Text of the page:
Thousands of Dutch workers have downed tools in what has been described as the largest strike in the country’s metal sector for 15 years. The 24-hour stoppage is affecting about 100 firms, including the Dutch plants of London-based steel and aluminium producer Corus and carmaker Nedcar, part of Mitsubishi. It is in protest at the government’s plans to radically shake up the social security system.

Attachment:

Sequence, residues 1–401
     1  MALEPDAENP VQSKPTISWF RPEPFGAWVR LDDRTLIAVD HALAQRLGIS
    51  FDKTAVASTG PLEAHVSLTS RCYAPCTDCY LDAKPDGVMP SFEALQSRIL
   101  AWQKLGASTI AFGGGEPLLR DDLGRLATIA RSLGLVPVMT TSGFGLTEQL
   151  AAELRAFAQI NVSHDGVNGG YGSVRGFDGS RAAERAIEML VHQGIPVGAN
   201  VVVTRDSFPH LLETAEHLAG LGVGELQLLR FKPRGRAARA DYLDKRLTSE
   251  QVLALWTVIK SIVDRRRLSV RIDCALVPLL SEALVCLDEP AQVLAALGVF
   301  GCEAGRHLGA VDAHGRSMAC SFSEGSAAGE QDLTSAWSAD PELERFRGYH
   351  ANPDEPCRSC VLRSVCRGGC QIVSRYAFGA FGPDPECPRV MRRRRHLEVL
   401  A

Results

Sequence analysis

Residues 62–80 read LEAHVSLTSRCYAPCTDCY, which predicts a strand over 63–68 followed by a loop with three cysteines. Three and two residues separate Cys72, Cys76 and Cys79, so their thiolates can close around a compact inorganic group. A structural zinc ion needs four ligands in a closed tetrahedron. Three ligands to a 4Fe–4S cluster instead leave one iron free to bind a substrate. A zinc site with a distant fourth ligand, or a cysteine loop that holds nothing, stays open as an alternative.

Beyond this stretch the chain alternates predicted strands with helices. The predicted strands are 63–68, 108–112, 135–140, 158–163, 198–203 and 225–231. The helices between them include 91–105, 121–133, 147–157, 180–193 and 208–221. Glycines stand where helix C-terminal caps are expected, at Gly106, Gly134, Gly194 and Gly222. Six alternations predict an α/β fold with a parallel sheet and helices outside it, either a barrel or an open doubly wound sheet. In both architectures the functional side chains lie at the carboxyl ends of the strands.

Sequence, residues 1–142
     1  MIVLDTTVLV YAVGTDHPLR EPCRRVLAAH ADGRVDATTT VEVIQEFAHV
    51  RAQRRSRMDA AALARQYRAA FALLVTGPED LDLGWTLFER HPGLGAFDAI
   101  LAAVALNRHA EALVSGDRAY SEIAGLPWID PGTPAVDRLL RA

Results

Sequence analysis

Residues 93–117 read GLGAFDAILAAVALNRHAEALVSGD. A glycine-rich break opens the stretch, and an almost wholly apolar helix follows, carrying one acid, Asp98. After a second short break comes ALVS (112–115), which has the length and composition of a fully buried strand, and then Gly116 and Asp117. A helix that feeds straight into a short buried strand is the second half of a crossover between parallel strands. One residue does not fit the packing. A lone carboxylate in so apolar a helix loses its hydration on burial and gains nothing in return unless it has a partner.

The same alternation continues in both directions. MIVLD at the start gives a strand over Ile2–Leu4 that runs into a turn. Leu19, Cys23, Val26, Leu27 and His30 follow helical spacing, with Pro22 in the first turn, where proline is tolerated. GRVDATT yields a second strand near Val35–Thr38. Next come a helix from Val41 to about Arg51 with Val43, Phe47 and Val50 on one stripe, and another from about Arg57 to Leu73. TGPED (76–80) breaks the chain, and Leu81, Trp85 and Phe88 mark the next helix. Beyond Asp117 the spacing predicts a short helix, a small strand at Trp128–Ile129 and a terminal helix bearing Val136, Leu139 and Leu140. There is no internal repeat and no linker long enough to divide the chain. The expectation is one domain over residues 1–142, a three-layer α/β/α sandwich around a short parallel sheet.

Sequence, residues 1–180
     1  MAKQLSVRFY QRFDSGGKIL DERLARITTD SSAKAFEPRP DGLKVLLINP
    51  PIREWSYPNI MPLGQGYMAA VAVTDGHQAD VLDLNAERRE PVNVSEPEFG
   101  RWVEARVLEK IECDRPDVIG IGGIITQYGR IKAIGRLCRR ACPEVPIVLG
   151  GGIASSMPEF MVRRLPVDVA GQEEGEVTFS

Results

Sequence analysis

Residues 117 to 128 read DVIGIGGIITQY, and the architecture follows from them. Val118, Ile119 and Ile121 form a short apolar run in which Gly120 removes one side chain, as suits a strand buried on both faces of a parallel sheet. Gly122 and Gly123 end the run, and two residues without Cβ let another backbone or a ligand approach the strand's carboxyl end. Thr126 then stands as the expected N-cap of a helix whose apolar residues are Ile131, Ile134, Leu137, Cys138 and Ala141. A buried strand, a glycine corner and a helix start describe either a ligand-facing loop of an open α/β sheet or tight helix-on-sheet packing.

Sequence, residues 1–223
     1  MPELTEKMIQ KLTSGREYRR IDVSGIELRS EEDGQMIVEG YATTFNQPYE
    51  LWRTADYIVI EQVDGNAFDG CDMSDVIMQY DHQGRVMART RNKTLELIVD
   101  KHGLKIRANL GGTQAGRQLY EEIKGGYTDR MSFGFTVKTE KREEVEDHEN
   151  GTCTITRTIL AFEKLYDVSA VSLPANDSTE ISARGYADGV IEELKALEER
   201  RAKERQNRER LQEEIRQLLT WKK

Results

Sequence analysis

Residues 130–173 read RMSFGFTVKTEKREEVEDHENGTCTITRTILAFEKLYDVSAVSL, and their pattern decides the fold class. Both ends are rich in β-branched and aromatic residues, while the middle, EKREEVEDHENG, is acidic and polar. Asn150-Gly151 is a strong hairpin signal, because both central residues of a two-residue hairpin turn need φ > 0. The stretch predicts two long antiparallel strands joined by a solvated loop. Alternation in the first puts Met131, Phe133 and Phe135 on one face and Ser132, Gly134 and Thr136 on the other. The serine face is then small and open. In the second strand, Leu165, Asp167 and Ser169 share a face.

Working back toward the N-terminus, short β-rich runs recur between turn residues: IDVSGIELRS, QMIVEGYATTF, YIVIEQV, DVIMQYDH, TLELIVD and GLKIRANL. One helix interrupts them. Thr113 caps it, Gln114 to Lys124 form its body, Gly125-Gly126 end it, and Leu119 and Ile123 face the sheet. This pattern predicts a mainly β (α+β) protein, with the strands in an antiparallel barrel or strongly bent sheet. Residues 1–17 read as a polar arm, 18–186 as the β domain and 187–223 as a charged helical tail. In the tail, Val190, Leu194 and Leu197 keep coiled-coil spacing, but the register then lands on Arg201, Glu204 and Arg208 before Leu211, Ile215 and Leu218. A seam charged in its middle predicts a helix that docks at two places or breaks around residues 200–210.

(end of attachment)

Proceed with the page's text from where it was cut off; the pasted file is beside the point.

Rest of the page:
Public transport workers have already staged strikes, in late September and then two weeks ago, and trade unions are already planning more industrial action. In the coming weeks a whole range of sectors could be affected – construction, defence, the postal service, healthcare and education. When Jan Peter Balkenende’s government unveiled its 2005 budget, it included plans to phase out tax breaks on pensions. One major union is vowing to continue industrial action until parliament finishes its deliberations on the budget.